Crowds Flock to New Dubai Mall
AMEInfo reports (15 November 2008) that the new Dubai Mall has had crowds of visitors with “more than 60,000 tickets sold for the Dubai Aquarium & Discovery Centre in the first five days, following its opening.”
“The Dubai Aquarium featuring the world's largest acrylic viewing panel offers free attraction while the walk-through tunnel and Discovery Centre assures closer appreciation of the aquatic world. The three distinctive themes at the Discovery Centre, Rainforest, Rocky Shore and Living Ocean, are a special draw among children, who also have the opportunity to touch-and-feel several aquatic species.”
If You Can Get There!
On the downside has been the problem of getting to the Dubai Mall. A report (11 November 2008) in The National indicates that oodles of car park spaces exist and additional parking attendants have been employed but many people have found the roads leading to the Dubai Mall to be heavily congested and the signs for cars and taxis to be confusing. Dubai streets are usually congested so these reports will pose an even greater turnoff to people wondering about checking out the new mall.
What is the Attraction?
Are people simply visiting the special features such as the Ice Rink or are they spending lots of time and money in the shops? I have written earlier about some reasons why people visit malls in the Emirates, the way they provide a shelter from the heat, a place for gathering and a contemporary ‘worship’ place. The malls provide a haven for those who are financially hamstrung and taking time out between jobs. But these reasons for visiting a mall do not necessarily put lots of cash into the coffers of the business owners.
More Malls More Dirhams?
One of the statistics from the Dubai Mall yet to be revealed relates to turnover and the amounts of money that have been received and banked. This new mall has opened in a month when the world is experiencing a great financial crisis and the UAE may have better cushioning than other countries but it is not immune from the difficulties.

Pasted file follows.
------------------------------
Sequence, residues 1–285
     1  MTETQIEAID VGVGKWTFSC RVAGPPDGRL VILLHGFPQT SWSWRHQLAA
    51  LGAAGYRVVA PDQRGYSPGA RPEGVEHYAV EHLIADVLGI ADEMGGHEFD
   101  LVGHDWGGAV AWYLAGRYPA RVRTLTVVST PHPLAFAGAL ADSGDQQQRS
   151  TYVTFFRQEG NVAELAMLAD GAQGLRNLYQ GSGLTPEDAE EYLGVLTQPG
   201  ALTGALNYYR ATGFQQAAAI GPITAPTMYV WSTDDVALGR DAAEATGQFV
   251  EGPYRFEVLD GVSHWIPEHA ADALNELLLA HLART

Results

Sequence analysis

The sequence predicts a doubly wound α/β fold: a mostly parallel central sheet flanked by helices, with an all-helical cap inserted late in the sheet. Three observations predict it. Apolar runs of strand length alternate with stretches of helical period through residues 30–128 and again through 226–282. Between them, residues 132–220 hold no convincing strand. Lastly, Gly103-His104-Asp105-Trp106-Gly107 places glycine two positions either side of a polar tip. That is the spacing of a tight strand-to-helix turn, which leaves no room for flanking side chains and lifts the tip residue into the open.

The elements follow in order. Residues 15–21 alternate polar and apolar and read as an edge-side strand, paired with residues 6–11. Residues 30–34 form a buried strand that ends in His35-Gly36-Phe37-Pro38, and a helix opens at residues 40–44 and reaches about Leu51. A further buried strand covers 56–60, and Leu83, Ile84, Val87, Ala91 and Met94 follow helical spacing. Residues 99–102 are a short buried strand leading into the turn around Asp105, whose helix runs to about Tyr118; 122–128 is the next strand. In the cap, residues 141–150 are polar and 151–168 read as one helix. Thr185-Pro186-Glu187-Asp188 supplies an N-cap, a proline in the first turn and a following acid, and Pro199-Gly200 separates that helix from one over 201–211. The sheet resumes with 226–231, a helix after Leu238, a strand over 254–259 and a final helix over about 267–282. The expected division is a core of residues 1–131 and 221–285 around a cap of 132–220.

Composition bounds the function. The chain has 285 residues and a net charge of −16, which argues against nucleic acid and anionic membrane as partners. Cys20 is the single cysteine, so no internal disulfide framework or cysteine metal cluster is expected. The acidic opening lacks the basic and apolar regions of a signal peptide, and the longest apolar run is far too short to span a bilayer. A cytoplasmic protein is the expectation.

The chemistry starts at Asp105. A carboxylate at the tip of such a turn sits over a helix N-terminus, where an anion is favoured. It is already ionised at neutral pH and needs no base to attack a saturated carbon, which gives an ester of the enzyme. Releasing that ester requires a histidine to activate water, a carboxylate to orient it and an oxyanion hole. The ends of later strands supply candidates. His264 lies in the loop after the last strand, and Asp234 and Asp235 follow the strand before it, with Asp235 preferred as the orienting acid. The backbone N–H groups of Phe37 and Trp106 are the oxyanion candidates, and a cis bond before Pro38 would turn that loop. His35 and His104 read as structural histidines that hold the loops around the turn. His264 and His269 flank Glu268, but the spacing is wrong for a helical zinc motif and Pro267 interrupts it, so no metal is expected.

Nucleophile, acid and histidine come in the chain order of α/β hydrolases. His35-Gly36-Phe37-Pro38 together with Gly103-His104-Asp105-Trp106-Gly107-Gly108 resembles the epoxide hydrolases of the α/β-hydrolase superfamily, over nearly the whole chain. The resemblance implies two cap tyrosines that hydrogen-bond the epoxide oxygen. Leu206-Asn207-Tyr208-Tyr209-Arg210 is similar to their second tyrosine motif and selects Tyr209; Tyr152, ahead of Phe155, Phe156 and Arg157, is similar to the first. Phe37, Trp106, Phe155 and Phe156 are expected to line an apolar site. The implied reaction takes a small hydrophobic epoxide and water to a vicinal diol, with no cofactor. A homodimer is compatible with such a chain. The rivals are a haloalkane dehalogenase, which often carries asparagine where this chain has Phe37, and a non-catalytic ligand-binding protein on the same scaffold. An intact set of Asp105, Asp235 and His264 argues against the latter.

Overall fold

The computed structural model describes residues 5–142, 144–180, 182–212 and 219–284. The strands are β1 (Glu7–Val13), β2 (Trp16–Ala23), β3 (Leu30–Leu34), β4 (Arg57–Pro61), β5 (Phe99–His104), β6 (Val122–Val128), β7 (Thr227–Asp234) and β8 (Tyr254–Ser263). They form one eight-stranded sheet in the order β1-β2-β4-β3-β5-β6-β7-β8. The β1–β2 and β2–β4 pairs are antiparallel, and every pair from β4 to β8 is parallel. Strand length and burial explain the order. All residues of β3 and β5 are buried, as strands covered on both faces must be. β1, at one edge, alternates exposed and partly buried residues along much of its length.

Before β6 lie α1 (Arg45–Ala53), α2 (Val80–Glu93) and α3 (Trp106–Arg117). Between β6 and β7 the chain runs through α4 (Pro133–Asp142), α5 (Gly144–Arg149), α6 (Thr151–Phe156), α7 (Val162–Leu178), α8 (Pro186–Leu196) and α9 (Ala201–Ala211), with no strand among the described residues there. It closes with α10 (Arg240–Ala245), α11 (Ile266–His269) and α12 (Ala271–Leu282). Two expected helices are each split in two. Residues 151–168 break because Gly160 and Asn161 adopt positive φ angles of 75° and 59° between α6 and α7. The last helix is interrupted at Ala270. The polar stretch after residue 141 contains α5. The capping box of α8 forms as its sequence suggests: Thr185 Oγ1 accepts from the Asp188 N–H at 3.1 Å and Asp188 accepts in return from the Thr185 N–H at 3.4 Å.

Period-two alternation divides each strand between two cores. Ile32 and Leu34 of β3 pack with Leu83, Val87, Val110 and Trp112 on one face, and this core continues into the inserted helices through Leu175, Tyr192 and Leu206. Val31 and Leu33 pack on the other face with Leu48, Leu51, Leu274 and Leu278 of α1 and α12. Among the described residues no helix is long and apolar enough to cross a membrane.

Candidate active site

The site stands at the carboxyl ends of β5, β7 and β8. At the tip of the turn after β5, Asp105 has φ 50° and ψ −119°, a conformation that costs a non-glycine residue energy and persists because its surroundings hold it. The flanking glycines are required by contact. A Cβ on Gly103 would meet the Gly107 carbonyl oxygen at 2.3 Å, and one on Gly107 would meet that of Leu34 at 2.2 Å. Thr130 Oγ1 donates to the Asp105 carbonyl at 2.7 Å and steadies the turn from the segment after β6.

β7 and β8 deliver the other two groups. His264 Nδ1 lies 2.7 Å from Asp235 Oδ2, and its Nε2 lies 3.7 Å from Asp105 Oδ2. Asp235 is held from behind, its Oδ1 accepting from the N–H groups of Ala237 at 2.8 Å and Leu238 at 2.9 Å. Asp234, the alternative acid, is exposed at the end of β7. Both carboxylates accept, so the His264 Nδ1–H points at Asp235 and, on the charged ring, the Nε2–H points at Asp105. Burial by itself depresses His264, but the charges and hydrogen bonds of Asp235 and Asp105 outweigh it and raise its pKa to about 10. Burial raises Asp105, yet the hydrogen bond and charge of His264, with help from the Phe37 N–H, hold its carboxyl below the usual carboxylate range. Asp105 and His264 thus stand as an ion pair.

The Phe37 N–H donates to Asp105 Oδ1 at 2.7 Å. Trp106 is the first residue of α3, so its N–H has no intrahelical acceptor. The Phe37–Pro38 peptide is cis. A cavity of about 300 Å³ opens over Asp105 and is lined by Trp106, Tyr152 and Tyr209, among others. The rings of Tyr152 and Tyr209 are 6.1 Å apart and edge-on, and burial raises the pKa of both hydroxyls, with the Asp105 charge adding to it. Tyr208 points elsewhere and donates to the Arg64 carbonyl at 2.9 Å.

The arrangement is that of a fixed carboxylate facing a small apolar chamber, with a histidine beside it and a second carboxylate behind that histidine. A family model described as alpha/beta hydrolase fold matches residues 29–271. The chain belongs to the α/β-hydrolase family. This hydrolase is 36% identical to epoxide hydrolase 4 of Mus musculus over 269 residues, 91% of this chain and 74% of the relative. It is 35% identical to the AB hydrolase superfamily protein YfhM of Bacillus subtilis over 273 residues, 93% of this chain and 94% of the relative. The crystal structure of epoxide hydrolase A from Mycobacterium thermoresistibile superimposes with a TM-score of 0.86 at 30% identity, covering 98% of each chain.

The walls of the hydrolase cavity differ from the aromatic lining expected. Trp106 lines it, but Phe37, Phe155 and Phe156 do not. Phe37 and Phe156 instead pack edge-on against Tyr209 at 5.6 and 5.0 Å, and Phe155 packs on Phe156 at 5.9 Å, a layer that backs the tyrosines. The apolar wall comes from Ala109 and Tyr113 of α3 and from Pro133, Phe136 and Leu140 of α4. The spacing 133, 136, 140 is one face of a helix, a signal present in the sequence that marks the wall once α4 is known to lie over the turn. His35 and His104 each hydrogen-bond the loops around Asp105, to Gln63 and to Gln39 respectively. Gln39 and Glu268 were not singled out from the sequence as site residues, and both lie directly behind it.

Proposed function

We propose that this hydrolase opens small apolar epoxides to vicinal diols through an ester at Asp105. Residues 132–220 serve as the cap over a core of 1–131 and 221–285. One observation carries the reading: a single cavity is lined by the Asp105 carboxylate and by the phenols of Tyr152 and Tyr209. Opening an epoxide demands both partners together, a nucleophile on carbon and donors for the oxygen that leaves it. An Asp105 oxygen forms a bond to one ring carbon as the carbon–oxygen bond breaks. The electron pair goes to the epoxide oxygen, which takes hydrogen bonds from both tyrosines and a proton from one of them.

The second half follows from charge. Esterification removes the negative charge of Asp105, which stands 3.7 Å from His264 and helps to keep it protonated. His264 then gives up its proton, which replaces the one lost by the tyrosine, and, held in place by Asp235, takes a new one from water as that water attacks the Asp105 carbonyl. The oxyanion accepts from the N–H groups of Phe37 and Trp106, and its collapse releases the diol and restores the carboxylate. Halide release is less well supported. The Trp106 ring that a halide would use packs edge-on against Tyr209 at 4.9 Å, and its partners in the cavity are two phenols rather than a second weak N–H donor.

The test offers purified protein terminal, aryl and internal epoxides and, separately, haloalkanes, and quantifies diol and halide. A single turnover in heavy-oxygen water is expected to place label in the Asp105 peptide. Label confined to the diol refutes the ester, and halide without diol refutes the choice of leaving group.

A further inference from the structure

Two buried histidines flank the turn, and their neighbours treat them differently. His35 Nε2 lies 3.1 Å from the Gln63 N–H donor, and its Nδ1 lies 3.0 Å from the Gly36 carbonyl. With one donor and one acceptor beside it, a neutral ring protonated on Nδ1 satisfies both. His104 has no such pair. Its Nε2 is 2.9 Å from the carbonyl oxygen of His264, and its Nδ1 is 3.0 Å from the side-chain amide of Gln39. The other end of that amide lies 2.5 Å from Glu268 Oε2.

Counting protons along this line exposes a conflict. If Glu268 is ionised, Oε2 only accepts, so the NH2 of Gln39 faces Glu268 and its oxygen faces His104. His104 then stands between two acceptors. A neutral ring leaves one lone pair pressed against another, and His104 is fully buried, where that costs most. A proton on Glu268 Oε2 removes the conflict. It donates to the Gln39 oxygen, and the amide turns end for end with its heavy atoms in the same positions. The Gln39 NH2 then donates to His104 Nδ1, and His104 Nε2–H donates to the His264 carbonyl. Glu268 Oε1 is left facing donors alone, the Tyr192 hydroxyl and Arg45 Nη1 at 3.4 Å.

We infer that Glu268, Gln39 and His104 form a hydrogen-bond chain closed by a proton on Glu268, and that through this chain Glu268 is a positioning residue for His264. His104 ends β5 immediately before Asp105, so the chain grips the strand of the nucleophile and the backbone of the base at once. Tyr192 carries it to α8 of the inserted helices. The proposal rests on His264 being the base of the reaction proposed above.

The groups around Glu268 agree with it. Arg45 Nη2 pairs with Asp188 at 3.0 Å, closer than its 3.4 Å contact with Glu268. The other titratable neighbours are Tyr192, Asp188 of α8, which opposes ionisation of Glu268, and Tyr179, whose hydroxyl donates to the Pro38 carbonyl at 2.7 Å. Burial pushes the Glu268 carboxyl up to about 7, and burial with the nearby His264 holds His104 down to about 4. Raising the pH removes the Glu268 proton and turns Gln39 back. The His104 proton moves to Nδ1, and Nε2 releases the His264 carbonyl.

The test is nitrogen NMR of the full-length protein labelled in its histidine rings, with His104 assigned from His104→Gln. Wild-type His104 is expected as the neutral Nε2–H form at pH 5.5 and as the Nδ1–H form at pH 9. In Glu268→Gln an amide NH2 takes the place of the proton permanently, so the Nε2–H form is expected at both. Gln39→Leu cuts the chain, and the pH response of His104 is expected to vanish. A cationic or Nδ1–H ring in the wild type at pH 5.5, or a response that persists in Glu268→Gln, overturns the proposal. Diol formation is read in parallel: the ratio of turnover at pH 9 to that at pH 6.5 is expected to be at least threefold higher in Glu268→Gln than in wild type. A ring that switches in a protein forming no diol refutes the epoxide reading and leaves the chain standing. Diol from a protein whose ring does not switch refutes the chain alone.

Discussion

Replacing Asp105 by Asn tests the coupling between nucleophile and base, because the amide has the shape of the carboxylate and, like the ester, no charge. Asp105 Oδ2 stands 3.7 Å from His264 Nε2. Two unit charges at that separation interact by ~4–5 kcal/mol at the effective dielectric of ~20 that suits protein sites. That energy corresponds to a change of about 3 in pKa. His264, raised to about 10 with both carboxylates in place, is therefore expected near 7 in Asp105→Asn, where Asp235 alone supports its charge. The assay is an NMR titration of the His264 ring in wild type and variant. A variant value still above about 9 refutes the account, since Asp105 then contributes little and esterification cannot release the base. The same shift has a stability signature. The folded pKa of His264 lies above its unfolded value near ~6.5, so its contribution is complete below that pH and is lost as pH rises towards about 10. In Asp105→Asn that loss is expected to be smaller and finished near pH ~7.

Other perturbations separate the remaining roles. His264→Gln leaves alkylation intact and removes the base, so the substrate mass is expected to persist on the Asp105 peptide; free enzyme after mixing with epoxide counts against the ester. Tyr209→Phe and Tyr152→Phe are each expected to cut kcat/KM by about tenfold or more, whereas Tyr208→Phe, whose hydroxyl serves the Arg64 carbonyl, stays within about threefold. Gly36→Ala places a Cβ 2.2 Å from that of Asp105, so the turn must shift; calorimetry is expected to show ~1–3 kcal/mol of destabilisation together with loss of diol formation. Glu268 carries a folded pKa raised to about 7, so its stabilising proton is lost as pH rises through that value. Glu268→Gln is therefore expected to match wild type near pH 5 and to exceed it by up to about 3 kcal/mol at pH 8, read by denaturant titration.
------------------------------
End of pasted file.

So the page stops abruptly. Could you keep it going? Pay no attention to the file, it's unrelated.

Does the money being spent at the new Dubai Mall represent dirhams that would have been spent at other UAE malls and if so, what impact are these new malls having on the older, more established malls?
Is the UAE Shopping Mall in Decline?
In a Newsweek article (12 November 2008) entitled ‘Is the American Shopping Mall Dead?’, commentators are detecting the decline of the mall, if not pronouncing the last rites. New malls are being built of enormous proportions and with Disneyland-styled attractions to pull in the parents with their kids. But older, less attractive malls are declining and web sites like Deadmalls DOT Com have become virtual cemeteries for American shopping malls. The financial crisis may have simply accelerated a trend that was already taking place.
The Newsweek article gives these sobering figures:
“Georgia Tech professor Ellen Dunham-Jones, coauthor of the forthcoming book ‘Retrofitting Suburbia,’ which focuses on the decline of [US] malls and other commercial strips [says that] today, nearly a fifth of the country's largest 2,000 regional malls are failing, … and according to the International Council of Shopping Centers, a record 150,000 retail outlets, including such mall mainstays as the Gap and Foot Locker, will close this year.”
Read the rest of the article and see if you think that the financial recession will affect the UAE malls, curtail their income and ultimately lead to their death. Will the big brand, luxury shops be gradually replaced by ‘Two Dirham Shops’ that cater for lower budgets? Will the financial recession put the clampers on international tourists who have enjoyed coming to the UAE for a week to do their annual big shop? And will the introduction of the proposed VAT provide the extra nail in the coffin for those who have been attracted in the past to this ‘tax free’ shopper’s paradise?
Dr Geoff Pound
Image: One of the many signs that are being erected outside shopping malls in the USA. This sign stands outside the Southtown Mall in Fort Wayne, Indiana. (Photo courtesy of Deadmalls DOT Com at the above link).
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